• Device Options: Does the vendor offer multiple intake modalities (e.g., mobile, tablets, kiosks)?
  • Mobile Adoption: What percentage of clients have adopted the vendor’s mobile intake solution? What percentage of patients complete their registration on a mobile device?
  • Custom Patient Workflows: Can patients be presented with individualized workflows (e.g., by gender, age, reason for visit, insurance status, medical history)? Across all intake modalities?
  • Practice Customization: Can patient intake questions be customized to meet the unique needs of your organization (e.g., for each location, provider, specialty, appointment type)?
  • Insurance Verification: Does the patient intake solution automate eligibility and benefits verification in real-time and by batch? Can staff easily access copay, deductible and coinsurance information? Are results clearly displayed so staff can manage exceptions prior to and at the time of service?
  • Patient Payments Functionality: What options are available to patients for paying copays and balances (e.g., mobile, tablets, kiosks, payment plans, card on file, online payments)?
  • Card Processing: Does the patient intake solution offer better card processing options than your existing processor (e.g. full daily deposits, timely funding, competitive rates)?
  • E-cashiering: How can staff track all cash, check, and card payments and reconcile them at the end of each day? Will reports replace manual processes?
  • Consents: Can all policies (e.g., financial, privacy, clinical) be captured digitally with e-signatures during the intake process? Can they be automated to prompt patients to sign at regular time intervals (e.g., annually, bi-annually)? Is reporting available to audit consent compliance?
  • Clinical: Which patient-reported outcomes (PROs) can be included in patient intake workflows? Can the solution screen patients for social determinants of health, such as housing and transportation?
  • Patient Activation: How does the patient intake solution support quality improvement initiatives for organizations that participate in value-based/risk-based arrangements?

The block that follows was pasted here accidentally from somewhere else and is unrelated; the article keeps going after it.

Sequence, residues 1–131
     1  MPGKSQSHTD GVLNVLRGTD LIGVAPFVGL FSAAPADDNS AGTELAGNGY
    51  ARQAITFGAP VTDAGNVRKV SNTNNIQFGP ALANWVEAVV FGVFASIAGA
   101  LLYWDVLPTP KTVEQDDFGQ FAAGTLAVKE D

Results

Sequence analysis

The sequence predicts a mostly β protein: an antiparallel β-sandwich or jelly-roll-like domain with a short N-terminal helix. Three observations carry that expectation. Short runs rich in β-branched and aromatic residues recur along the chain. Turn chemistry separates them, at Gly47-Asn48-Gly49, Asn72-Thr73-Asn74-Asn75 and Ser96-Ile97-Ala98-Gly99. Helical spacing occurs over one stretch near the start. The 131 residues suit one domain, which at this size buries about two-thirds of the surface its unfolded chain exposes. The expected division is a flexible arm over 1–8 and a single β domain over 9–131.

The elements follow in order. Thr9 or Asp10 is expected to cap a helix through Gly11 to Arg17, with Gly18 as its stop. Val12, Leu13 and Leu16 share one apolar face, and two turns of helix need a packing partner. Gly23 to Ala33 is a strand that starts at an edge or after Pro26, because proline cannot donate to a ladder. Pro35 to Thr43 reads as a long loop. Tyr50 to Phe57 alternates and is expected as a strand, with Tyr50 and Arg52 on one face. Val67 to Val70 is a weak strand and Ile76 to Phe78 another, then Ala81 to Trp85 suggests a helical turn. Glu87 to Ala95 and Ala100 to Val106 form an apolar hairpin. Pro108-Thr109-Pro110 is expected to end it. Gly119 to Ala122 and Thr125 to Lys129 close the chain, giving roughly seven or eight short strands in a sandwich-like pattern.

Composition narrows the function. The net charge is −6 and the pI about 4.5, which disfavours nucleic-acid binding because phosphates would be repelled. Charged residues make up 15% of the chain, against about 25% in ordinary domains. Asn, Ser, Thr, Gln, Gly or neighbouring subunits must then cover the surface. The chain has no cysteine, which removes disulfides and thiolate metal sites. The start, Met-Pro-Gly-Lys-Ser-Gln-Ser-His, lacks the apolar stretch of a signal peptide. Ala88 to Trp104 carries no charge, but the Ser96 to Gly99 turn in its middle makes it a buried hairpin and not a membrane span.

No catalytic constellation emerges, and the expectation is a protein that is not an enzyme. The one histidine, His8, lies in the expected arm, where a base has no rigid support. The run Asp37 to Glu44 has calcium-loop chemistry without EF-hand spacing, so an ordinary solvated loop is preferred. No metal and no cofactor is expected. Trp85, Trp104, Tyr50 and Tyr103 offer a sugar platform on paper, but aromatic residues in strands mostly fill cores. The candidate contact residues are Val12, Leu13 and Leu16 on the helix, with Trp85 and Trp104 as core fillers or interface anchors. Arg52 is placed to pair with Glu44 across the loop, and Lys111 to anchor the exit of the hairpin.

• Satisfaction Surveys: Does the solution include post-visit satisfaction surveys? Are they sent out automatically, and do they include real-time reporting and analytics (e.g., by location and provider)?
  • Appointments: Can patients request or schedule appointments from your website?
  • Referrals: Can staff manage and track incoming referrals from other providers?
  • Automation: Is bi-directional integration available for your PM or EMR system? Does the demographic and clinical data already in your system pre-populate for patients to review during intake? Do updates and new data flow back into your systems?
  • PM/EMR Updates: What patient-captured data integrates discretely, what goes into a note field and what attaches as a PDF? Are consents attached as documents or flagged in systems?
  • Payment Posting: Do payments post automatically to your PM system?
  • Appointments: Can appointments be scheduled directly from the vendor solution with real-time updates to the PM system?
  • Utilization: Are you able to monitor how well the solution is being utilized across locations, staff members and modalities? Can you use the analytics to identify areas to improve the intake process?
  • Financial Performance: Are you able to track patient payments across your organization and reconcile them at the end of the day? Can you track each batch posted to your bank account?
  • Clinical Results: Is reporting or data available to meet any of your quality measures?
  • Patient Experience: Can you track patient satisfaction results by location and provider to identify areas for improvement?
  • Privacy & Security Certification: Is the vendor certified with industry-leading security organizations (i.e., HITRUST CSF, SOC 2)?
  • Payments Security: If the vendor accepts patient payments, are they Level 1 PCI-compliant? Is all payments hardware encrypted? Does the vendor have a solution for Point-to-Point Encryption (P2PE)?
  • Single Sign-On: Can the patient intake solution be integrated into your single sign-on platform for easy staff access?
  • Device and User Management: Does the solution support local device and user management?
  • Reporting: Is reporting available by location/department, and are permissions role-based?
  • Connectivity: Can the vendor support secure and automated data exchange among your key systems (e.g., PM, EMR, HIE, data warehouse, data lake)?
  • Deployment: Does the vendor have the resources and capabilities to deploy the solution across multiple locations according to your goals? Does the vendor offer train-the-trainer programs?
  • Support: Does the company offer dedicated enterprise support and implementation teams?
  • Branding: Can the solution incorporate your specific branding elements (e.g., logos)?

Learn how Phreesia helps healthcare organizations provide a modern, individualized intake experience.